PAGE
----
sand2Procrastination is perhaps the worst of my many shortcomings. If there is a task or chore I don’t want to do, I’ll put it off until the bitter end. In fact, I can recall suddenly believing the oven HAD TO BE CLEANED just days before an important deadline for a job I dreaded. What’s worse is lately I’ve noticed a tendency to procrastinate even when it comes to planning pleasurable activities. While my prevailing motivation in life has always been to live it deliberately and passionately, there are still many missed opportunities because I’ll put them off for, you know, when I have time.sand face

For example, not long ago I missed a long-running exhibition of Marc Sijan’s hyper-realistic sculptures at the Virginia Museum of Contemporary Art. I had marked my calendar, and was excited about seeing his work well in advance of the exhibition’s opening. Although I intended to go just about every week that summer, I never made it, and regret having missed this sculptor’s exquisite work.

So when I noticed the viewing time had been extended for the Virginia Beach Neptune Festival Sandsculpting Championship through Oct. 5, I was very excited. Excited, because I knew if I missed opening weekend, I’d at least have the next week to see this collection of work by some of the most talented sand sculptors in the world. I’m pretty proud of myself in that not only did I make time to see the works, I did it the very first night of the exhibit! The best part was viewing each of the 22 exquisitely-crafted sand sculptures at sunset, when the sun’s glow beautifully illuminated intricate details impossible to capture with the camera or describe with words. You simply must go there. And don’t procrastinate!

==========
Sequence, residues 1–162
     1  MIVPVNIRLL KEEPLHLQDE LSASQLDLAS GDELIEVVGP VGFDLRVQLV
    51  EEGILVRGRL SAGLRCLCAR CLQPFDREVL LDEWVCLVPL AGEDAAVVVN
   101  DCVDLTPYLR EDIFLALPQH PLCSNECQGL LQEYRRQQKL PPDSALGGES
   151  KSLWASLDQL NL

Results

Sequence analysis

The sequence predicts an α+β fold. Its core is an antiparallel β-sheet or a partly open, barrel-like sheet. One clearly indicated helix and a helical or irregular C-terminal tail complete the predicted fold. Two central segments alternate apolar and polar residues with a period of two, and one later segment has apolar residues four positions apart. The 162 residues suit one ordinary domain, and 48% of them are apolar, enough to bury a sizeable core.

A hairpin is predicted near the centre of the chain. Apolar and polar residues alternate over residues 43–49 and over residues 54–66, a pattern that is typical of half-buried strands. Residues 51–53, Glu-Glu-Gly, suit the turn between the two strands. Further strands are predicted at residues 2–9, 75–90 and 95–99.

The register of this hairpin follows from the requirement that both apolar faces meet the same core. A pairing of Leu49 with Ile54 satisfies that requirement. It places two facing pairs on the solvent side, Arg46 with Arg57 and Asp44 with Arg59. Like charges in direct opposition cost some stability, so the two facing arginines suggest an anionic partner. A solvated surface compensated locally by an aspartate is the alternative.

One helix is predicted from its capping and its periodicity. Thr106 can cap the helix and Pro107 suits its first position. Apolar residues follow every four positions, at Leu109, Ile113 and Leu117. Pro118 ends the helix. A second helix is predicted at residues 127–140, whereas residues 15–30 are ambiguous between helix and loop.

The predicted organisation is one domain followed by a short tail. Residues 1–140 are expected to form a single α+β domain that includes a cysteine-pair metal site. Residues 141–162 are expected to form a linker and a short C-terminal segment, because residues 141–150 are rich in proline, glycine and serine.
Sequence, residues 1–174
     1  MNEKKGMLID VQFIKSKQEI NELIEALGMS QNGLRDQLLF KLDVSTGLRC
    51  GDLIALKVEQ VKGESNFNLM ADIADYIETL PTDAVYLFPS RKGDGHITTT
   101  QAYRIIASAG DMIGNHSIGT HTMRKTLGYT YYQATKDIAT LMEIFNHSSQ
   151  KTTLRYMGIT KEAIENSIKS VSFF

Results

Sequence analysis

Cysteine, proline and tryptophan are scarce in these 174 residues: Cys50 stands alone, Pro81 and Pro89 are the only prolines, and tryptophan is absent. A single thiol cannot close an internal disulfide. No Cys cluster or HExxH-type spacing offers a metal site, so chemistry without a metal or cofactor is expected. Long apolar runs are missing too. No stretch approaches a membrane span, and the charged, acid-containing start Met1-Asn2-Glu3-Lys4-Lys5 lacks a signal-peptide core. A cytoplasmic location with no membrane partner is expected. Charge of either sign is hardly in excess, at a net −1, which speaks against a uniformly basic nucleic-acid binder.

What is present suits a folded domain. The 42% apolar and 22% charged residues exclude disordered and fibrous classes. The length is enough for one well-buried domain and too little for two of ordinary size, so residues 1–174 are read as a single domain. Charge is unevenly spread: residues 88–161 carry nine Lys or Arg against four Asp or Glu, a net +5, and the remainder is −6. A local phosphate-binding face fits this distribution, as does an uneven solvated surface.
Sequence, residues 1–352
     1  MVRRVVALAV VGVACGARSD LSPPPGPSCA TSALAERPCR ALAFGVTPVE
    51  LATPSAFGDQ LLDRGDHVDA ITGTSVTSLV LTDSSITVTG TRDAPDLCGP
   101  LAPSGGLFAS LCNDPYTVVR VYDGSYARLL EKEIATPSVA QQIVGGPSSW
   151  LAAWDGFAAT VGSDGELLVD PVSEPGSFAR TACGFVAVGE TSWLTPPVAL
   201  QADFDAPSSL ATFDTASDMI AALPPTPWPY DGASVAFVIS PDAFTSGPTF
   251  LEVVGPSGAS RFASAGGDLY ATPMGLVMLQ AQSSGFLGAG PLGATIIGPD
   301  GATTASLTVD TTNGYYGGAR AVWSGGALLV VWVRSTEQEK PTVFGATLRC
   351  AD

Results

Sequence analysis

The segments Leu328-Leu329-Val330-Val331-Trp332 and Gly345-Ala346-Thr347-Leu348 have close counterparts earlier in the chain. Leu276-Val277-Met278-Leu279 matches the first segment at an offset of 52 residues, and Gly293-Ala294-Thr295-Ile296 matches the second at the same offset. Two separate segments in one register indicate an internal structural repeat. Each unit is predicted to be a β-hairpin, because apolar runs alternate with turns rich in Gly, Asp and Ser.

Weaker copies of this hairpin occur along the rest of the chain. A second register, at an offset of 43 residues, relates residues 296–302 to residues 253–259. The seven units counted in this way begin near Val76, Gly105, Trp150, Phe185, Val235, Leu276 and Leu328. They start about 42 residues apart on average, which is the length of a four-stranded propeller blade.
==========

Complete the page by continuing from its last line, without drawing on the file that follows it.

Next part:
Here are some interesting facts about this signature event of the Virginia Beach Neptune Festival:

*32 of the world’s most talented sculptors compete for the largest prize purse in the country in this internationally-recognized championship. Read their biographies here.

*Each season, the sandsculpting championship gets better. New this year: improved lighting for viewing into the evening hours and expanded walkways offering intimate views of the artwork. I was able to photograph each work as a whole, as well as intricate details I wanted to study after I got home.